Rongoā Māori (traditional Māori healing) through the eyes of Māori healers : sharing the healing while keeping the tapu : a thesis presented in partial fulfilment of the requirements for the degree of Doctor of Philosophy in Psychology at Massey University, Albany, New Zealand

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Massey University
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This research explores the underlying philosophies of rongoa Maori, the traditional healing system of the indigenous Maori of Aotearoa/New Zealand. The research is set within the context of worldwide traditional healing systems that involves discussion of the embedded nature of indigenous cultural values and beliefs within traditional healing practices. Parallels are drawn between the traditional healing practices of Maori and other indigenous healing traditions. The research was conducted in adherence to the principles of Kaupapa Maori research to ensure the use of Maori cultural values throughout the research process. Narrative interviews were conducted with seventeen Maori healers about their understandings of rongoa Maori. Data analysis was conducted in a three-step process using an approach created specifically for the research entitled the rourou Maori method of analysis. The analysis was inclusive of the contributions of each individual healer and the researcher to the collective story on rongoa Maori across all participants in the research. The analysis revealed nine underlying philosophies of rongoa Maori. These showed that rongoa Maori: healing is a continuous process of life; is a coconstruction of healing through the healer/client relationship; includes collaborative whakawhanaungatanga (family-like) relationships in healing; involves the synergy of the alliance between people and plants; utilises the tipuna (ancestors) as the wairua (spirits) that conduct the healing; focuses on diagnosing illness through past generations; identifies the power of emotions to create or destroy health, illness and healing; aims to facilitate change for the client; and aspires to heal Maori of colonisation and keep Maori knowledge sovereign. In this research, Maori healers indicated that aspects of Maori knowledge and wisdom have been purposely kept tapu (sacred). However, there are three major contributions to knowledge about traditional healing systems. First, new insights were presented on rongoa Maori, such as the relationship between healers and plants. Second, the contribution of rongoa Maori to the greater advancement of Maori tino rangatiratanga was discussed. Third, additional conceptualisations about traditional healing systems, such as aroha (love) in the relationship between the healer and client, were found. Rongoa Maori was shown to share several healing concepts with other traditional healing systems.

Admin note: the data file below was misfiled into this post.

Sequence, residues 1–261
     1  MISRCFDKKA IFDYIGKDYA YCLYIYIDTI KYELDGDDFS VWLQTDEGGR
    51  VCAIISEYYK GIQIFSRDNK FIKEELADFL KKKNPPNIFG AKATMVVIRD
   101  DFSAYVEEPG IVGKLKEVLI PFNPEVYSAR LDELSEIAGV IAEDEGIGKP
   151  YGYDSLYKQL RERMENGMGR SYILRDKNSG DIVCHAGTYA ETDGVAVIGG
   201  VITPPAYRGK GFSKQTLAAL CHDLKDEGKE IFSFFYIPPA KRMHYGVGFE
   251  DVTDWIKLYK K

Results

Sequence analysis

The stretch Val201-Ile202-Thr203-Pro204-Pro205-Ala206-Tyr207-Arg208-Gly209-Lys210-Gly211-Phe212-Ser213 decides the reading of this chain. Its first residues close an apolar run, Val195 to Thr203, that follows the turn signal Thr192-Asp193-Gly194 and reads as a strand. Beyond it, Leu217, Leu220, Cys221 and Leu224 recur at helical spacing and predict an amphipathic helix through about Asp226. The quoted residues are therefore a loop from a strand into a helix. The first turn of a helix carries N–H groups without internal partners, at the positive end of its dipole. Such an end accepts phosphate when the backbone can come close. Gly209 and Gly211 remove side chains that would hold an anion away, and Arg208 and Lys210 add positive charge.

Maori, Medicine, Traditional medicine, Healing, Healers, New Zealand, Rongoā, Hauora